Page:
Take the 2-minute tour ×
Stack Overflow is a question and answer site for professional and enthusiast programmers. It's 100% free.

I have a trait and an implementation looking like:

trait Foo[A] {
  def bar[B >: A: Ordering]: Foo[B]
}
class FooImpl[A]( val a: A, val values: List[Foo[A]] ) extends Foo[A] {
  def bar[B >: A] = { /* concrete implementation */}
}  

I would like to use the @specialized annotation on A and B to avoid autoboxing. Do I need to use it in both trait and implementation, only in implementation, or only in trait ?

share|improve this question
    
How do you expect specialization to work if you're using a List which is not itself specialized? You can't avoid boxing then. –  Rex Kerr Apr 17 '12 at 16:01
    
Sorry, mistake in simplifying the code for posting. The class contains an instance of A (that I don't want to autobox, and a List[Foo[A]]. –  paradigmatic Apr 17 '12 at 16:06
    
Okay, but Ordering isn't specialized either. –  Rex Kerr Apr 17 '12 at 16:14
    
@RexKerr does that mean that if I rely on a non-specialized typeclass, I cannot use specialization ? –  paradigmatic Apr 17 '12 at 16:16
    
If you use the typeclass, you cannot; any interactions with that typeclass will box. In your case, you will probably want to use < or the like, and that will cause boxing. –  Rex Kerr Apr 17 '12 at 16:54

1 Answer 1

up vote 3 down vote accepted

The REPL has the right answer for us, together with javap, which will show the disassembled java code. If you add tools.jar to your REPL classpath, you will be able to do cool things like the following:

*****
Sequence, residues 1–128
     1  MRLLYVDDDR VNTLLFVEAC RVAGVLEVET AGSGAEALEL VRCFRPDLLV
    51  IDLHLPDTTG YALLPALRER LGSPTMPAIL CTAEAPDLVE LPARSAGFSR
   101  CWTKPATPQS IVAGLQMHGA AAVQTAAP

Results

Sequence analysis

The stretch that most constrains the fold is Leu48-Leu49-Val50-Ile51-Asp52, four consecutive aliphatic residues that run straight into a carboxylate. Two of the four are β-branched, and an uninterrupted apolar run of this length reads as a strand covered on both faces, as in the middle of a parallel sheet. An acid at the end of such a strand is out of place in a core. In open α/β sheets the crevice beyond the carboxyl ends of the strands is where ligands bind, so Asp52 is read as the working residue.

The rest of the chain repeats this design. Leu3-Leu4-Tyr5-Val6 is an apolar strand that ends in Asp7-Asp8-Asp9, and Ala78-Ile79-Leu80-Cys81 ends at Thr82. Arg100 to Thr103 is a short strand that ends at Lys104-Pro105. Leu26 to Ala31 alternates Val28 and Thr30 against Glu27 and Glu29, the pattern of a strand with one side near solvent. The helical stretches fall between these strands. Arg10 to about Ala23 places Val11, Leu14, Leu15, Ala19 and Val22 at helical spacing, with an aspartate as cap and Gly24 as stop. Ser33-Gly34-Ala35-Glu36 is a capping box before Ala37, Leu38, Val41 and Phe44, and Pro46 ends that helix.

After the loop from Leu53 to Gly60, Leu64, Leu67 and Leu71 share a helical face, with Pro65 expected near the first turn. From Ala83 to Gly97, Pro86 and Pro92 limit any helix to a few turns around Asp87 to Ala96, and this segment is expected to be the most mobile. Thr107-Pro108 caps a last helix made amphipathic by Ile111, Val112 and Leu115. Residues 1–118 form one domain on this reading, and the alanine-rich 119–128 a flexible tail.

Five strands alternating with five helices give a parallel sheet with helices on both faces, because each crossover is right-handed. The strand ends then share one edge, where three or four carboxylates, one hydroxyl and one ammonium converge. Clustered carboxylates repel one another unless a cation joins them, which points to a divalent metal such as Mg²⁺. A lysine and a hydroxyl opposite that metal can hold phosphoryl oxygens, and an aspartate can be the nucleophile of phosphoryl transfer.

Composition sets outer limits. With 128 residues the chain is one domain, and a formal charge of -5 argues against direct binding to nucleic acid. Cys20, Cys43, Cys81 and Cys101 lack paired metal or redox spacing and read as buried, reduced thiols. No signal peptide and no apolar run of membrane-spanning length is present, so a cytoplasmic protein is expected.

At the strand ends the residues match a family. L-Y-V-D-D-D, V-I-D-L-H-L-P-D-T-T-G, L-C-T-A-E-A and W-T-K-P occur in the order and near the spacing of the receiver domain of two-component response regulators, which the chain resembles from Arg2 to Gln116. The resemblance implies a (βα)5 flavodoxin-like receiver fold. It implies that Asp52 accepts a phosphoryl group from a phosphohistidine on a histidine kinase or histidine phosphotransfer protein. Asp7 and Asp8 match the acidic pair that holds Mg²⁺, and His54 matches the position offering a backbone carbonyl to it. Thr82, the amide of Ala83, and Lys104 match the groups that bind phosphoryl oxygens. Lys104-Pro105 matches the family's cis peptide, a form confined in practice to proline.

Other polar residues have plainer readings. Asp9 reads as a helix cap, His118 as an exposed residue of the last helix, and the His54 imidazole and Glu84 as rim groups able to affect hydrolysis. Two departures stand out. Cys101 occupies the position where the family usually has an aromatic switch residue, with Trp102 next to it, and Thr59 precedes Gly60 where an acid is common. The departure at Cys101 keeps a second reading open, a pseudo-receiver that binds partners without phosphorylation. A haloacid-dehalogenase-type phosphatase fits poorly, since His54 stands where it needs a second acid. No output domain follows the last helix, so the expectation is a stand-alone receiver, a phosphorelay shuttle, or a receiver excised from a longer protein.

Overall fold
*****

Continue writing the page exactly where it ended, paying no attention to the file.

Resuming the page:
scala>  trait Foo[@specialized(Int) A] { def doSomething(a:A)}
defined trait Foo

scala>  :javap -p Foo
Compiled from "<console>"
public interface Foo{
    public abstract void doSomething(java.lang.Object);
    public abstract void doSomething$mcI$sp(int);
}

scala> class Hello extends Foo[Int] { def doSomething(a:Int)=println(a)}
defined class Hello

scala>  :javap -p Hello
Compiled from "<console>"
public class Hello extends java.lang.Object implements Foo$mcI$sp,scala.ScalaObject{
    public void doSomething(int);
    public void doSomething$mcI$sp(int);
    public void doSomething(java.lang.Object);
    public Hello();
}

So now it should be clear to you that providing the @specialized only at trait level is enough: in the Foo interface you clearly have two method declaration. It looks to me that a trick is going on there, however:

scala>  new Hello
res0: Hello = Hello@7a80747

scala>  res0.doSomething("test")
<console>:11: error: type mismatch;
 found   : java.lang.String("test")
 required: Int

While I can answer your question, there are some questions which I can't answer:

  • Why the methods are defined as public abstract in the trait?
  • Why the method doSomething(java.lang.Object) is there in the disassembled class, but cannot be called?
share|improve this answer
    
Thanks, I never managed to make :javap work in the REPL. –  paradigmatic Jun 27 '12 at 10:09
    
are you using the REPL from the command line? IDEA ? sbt? –  Edmondo1984 Jun 27 '12 at 11:40

Your Answer

 
discard

By posting your answer, you agree to the privacy policy and terms of service.

Not the answer you're looking for? Browse other questions tagged or ask your own question.